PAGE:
Campus Units

Community and Regional Planning

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Book Chapter

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Accepted Manuscript

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Beyond the 'African Tragedy': Discourses on Development and the Global Economy

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‘For the first time there is a comprehensive plan dealing with all aspects of the African plight. For the first time, it is constructed with reforming African leaders as partners, not passive recipients of aid’.1 This is how British Prime Minister Tony Blair described the launch of the New Partnership for Africa’s Development (NEPAD) in July 2002. Blair goes on to argue that NEPAD is ‘a new departure. It is a real signal of hope for the future and it is up to us now to make it a reality’, and reminded the British House of Commons that ‘Africa does matter; to us and to humanity’. As this quote suggests, at no time in the short history of independent Africa has there been such a close convergence in development thinking between African leaders and donors. Twenty years ago, there were strong disagreements between African leaders and international financial institutions (IFIs) over the causes of the continent’s underdevelopment, the solutions to the crisis and what should be the focus of future development initiatives. At that time, the debate, reflected the dominant explanations of Africa’s dilemma, and was represented by the Organisation of African Unity (OAU)2 and the United Nations Economic Commission of Africa (ECA) on the one side and the World Bank (the Bank) and other IFIs on the other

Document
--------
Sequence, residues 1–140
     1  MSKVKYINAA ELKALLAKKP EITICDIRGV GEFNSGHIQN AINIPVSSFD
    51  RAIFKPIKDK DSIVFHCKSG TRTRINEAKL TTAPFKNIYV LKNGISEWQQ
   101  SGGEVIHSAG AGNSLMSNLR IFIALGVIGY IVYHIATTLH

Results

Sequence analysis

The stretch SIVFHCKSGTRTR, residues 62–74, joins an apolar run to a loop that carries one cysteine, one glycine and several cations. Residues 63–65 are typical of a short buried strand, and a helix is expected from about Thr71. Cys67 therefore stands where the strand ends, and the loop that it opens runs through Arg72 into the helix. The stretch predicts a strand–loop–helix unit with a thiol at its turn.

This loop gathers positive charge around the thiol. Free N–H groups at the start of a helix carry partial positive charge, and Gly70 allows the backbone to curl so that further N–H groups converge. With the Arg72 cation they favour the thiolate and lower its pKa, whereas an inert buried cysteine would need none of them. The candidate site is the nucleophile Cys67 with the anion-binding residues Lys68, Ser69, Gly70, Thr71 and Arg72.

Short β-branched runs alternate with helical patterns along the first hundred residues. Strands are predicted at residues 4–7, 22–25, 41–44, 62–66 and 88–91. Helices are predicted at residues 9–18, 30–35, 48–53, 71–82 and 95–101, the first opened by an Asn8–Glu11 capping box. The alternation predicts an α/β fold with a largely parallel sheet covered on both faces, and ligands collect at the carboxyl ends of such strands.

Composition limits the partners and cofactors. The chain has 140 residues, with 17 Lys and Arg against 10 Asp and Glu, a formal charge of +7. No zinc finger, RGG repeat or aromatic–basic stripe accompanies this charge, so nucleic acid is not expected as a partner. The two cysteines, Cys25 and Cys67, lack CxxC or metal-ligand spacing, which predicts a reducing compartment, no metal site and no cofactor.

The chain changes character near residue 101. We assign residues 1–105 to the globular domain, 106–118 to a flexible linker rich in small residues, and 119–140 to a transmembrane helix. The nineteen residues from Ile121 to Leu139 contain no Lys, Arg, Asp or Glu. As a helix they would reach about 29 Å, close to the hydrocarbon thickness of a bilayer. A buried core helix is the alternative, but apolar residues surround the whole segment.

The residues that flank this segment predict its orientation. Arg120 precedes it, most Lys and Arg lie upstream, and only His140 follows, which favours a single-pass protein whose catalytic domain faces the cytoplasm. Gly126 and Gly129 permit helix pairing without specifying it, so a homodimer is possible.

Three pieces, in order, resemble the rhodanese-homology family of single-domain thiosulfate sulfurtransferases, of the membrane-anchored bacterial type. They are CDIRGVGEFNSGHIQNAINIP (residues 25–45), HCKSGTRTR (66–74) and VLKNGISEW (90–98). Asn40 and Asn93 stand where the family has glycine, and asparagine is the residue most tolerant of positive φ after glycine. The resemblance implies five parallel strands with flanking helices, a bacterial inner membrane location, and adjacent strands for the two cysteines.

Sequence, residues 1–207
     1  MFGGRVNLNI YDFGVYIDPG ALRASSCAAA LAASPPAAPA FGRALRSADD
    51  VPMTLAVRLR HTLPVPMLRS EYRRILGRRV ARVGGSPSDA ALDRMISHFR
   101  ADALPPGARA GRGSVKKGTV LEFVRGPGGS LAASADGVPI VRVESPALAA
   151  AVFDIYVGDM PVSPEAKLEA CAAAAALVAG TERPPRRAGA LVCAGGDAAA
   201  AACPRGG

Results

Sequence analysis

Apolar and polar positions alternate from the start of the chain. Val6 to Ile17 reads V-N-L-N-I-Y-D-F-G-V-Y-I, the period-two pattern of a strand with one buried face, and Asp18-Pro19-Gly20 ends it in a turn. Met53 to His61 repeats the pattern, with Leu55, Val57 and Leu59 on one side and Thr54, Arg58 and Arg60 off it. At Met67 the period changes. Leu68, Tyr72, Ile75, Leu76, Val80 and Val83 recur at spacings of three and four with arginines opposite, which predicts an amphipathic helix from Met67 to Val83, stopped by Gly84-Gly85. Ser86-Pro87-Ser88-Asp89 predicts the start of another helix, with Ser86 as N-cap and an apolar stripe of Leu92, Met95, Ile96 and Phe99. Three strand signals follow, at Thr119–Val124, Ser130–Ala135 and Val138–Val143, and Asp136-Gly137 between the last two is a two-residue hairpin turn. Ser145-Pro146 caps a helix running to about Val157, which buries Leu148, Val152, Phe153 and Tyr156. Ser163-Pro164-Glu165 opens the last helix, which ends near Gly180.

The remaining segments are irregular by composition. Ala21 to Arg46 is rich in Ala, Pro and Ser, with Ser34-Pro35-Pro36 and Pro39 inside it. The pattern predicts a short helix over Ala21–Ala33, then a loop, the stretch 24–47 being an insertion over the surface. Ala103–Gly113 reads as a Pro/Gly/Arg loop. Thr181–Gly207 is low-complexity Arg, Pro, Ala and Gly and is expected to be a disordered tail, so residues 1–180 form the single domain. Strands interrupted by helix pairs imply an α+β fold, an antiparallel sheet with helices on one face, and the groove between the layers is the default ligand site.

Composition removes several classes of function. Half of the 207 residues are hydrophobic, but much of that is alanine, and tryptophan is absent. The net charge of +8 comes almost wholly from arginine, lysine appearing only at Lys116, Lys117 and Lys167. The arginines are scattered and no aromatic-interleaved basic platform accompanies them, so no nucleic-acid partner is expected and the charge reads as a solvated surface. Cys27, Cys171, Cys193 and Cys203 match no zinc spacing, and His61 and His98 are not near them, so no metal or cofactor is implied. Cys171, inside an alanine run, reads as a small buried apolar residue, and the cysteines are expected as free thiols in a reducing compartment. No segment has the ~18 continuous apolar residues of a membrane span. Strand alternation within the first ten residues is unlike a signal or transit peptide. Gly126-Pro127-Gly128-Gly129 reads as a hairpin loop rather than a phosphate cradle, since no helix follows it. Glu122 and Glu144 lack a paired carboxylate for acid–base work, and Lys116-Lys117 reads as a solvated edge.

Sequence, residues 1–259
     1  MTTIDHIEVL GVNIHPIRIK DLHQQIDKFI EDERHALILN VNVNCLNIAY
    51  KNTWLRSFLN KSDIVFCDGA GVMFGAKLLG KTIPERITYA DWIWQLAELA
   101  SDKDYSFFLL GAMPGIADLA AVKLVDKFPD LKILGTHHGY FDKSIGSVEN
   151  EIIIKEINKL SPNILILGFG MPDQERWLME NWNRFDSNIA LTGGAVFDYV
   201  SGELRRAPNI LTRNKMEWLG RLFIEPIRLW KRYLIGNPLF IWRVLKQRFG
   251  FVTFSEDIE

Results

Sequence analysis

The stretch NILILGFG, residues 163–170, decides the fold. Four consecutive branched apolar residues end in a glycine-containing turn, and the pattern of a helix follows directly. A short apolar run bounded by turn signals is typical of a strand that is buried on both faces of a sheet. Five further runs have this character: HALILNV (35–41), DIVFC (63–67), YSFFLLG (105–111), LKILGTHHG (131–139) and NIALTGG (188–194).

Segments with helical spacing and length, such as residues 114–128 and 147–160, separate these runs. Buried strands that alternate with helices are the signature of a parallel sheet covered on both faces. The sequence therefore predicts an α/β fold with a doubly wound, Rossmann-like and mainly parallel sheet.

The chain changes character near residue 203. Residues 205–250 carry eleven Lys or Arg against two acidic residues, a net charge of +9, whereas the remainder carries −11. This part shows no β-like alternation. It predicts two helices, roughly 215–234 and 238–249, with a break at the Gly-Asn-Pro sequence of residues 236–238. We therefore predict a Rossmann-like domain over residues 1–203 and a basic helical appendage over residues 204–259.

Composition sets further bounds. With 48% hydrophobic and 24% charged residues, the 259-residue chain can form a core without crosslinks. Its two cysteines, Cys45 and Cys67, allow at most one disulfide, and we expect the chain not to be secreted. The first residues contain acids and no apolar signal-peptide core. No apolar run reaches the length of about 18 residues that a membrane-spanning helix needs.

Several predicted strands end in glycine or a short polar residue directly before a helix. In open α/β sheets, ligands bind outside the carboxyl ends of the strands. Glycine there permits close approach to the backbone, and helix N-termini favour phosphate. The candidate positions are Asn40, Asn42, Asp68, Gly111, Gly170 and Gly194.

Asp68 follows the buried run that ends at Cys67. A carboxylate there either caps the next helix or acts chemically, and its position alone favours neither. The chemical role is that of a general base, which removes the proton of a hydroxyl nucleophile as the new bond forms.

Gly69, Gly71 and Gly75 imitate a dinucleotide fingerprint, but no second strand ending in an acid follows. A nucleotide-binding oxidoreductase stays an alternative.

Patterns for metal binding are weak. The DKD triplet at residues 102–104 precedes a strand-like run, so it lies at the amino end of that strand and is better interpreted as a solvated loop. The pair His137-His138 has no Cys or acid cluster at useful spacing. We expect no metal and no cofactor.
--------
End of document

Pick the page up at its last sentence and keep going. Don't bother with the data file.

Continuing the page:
This accepted manuscript of the book chapter from Beyond the 'African Tragedy, 2006. Chapter 2;25-47. Posted with permission.

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